• Al-Qaeda and associated individuals and entities • Central African Republic • Democratic Republic of the Congo (NGF) • Côte d’Ivoire • Eritrea • Iran • Iraq (NGF) • North Korea • Lebanon (NGF) • Liberia (NGF) • Libya (NGF) • Somalia • Sudan (Darfur) • Taliban
European Union (21 embargoes)
Implementations of UN embargoes (10): • Al-Qaeda, the Taliban and associated individuals and entities
• Central African Republic
• Democratic Republic of the Congo (NGF) • Côte d’Ivoire • Eritrea • Iraq (NGF) • Lebanon (NGF) • Liberia (NGF) • Libya (NGF) • Somalia (NGF)
Adaptations of UN embargoes (3): • Iran • North Korea • Sudan
Embargoes with no UN counterpart (8): • Belarus • China • Egypt • Guinea • Myanmar • South Sudan • Syria • Zimbabwe
Arab League (1 embargo)
NGF = non-governmental forces.
In the area of arms embargoes, results were mixed, given the continued failure to agree a UN arms embargo against Syria, with divisions among the five permanent members of the UN Security Council playing an important role.
The Arab League’s embargo against Syria remained in force, while in June 2013 the EU allowed its 2011 arms embargo to expire, due to a lack of agreement among member states on whether to extend or adapt the embargo, and in particular on whether arms supplies to the opposition should be permitted. In April the EU had agreed to allow the supply of certain non-lethal equipment to Syrian opposition forces, but the supply of equipment and software for use in monitoring of communications by the Syrian Government remained prohibited.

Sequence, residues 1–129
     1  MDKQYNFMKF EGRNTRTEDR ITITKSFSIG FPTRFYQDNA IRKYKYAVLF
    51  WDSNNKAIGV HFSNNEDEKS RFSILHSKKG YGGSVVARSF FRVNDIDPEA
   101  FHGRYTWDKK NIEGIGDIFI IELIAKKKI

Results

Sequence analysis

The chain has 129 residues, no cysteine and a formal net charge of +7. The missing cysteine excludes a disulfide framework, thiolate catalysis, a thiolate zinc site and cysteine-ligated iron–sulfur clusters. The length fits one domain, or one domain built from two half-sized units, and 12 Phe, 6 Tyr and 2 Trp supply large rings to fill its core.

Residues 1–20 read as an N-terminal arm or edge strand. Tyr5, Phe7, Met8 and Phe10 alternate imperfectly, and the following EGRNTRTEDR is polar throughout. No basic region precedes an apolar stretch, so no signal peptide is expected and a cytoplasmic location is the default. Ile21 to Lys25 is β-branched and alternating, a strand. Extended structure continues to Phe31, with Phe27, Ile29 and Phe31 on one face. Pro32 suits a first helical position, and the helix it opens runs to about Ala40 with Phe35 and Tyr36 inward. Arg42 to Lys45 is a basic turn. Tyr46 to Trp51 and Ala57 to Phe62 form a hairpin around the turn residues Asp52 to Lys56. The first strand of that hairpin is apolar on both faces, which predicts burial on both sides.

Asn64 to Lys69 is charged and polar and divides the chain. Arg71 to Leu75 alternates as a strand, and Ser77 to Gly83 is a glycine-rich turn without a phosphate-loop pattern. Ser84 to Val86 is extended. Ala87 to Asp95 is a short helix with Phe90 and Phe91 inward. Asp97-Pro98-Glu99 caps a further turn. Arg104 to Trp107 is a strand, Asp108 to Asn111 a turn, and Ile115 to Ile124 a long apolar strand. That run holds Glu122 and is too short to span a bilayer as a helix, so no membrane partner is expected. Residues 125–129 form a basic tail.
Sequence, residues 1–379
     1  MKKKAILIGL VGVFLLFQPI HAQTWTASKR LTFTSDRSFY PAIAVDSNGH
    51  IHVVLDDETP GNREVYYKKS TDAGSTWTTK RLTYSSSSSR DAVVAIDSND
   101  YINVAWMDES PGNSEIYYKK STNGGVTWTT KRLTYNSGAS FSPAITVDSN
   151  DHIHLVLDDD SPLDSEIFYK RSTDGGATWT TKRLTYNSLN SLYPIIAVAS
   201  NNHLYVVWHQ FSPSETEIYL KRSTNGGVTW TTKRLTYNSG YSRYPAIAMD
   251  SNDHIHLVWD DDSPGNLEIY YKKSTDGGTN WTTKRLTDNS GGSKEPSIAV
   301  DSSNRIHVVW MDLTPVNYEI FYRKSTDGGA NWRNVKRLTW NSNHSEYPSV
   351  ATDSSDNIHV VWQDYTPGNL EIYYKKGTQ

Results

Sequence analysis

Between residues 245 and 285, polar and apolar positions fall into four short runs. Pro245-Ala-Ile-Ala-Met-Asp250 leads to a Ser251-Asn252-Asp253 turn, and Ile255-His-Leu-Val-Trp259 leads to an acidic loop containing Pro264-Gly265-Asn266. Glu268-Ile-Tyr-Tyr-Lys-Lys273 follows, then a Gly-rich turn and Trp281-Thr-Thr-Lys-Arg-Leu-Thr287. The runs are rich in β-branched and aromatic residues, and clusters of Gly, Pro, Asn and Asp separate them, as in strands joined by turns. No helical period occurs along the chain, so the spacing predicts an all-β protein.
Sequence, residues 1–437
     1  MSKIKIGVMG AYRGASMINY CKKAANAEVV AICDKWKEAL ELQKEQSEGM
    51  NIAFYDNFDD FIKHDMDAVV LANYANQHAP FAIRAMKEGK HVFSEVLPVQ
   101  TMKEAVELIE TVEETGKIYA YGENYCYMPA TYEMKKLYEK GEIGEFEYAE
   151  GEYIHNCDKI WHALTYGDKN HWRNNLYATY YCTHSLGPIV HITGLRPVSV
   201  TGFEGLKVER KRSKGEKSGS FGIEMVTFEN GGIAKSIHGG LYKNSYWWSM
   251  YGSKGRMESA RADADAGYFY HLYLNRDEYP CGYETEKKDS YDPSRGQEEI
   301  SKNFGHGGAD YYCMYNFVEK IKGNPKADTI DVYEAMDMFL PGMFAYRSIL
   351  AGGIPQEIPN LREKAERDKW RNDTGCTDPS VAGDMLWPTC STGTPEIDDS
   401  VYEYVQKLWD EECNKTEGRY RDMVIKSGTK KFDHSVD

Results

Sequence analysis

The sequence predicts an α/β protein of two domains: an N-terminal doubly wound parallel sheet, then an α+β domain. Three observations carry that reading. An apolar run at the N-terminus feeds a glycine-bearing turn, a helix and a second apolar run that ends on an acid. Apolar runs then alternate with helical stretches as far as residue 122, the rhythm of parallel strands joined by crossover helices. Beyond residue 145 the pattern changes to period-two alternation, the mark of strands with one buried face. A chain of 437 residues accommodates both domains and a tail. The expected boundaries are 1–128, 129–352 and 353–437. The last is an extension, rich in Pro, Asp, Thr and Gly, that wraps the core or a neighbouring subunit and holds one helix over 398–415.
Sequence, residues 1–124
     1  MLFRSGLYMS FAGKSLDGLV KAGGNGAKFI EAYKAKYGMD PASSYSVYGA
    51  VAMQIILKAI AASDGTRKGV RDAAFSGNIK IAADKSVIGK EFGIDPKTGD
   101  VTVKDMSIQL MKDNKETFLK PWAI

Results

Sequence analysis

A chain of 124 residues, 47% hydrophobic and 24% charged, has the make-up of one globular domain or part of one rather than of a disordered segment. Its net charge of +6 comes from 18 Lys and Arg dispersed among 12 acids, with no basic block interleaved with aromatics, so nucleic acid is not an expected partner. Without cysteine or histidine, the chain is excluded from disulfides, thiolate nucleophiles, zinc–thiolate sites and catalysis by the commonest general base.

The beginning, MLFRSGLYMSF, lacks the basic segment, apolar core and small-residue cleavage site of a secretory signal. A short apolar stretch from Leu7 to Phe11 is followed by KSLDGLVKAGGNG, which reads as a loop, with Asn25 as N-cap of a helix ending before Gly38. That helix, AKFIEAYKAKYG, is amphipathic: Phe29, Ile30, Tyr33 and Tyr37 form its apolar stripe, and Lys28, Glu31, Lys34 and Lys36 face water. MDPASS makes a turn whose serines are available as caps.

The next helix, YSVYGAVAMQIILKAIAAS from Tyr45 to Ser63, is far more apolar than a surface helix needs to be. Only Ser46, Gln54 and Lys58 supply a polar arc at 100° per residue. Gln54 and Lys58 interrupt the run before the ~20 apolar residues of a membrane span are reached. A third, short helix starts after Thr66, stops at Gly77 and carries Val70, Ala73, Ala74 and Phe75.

In August EU member states suspended exports to Egypt of any equipment that might be used for internal repression, although this was not formalized in a legally binding embargo.
In 2013 the UN Security Council imposed one new arms embargo, on the Central African Republic. As in previous years, the UN panels tasked with monitoring violations of UN arms embargoes reported violations.
During 2013 four informal, non-legally binding regimes—the Australia Group, the Missile Technology Control Regime (MTCR), the Nuclear Suppliers Group (NSG) and the Wassenaar Arrangement on Export Controls for Conventional Arms and Dual-Use Goods and Technologies—continued to work on consensus-based decisions to strengthen strategic trade controls. These multilateral regimes routinely updated the lists of items subject to control, but did not agree on new guidelines or principles for export-related activities such as brokering, transit and transshipment.
Mexico joined the Australia Group in 2013, having already been admitted by the NSG and the Wassenaar Arrangement in 2012. Additional membership applications are pending. India’s interest in joining the regimes continued to be subject to considerable discussion, without results.
The relevance and importance of the Australia Group, which covers items that have applications in biological and chemical weapons, were highlighted through the use of chemical weapons in Syria. Continued supplies of nuclear reactors to China by Pakistan were subject to controversy inside and outside the NSG.